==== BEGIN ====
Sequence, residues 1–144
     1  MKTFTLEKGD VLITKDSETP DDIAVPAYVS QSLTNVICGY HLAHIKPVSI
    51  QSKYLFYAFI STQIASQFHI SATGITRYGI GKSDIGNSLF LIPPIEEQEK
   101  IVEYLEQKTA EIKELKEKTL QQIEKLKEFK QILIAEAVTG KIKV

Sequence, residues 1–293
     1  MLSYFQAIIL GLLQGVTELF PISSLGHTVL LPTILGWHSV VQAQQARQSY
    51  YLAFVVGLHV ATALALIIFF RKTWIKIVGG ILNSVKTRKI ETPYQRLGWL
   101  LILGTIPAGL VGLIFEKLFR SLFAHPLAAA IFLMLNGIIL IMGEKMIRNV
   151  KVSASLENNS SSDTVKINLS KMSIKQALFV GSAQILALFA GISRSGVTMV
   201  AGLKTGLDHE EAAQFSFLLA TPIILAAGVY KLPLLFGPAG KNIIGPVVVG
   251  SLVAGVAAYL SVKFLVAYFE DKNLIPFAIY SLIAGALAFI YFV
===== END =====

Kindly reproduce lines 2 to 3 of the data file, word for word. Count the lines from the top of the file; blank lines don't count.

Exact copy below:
     1  MKTFTLEKGD VLITKDSETP DDIAVPAYVS QSLTNVICGY HLAHIKPVSI
    51  QSKYLFYAFI STQIASQFHI SATGITRYGI GKSDIGNSLF LIPPIEEQEK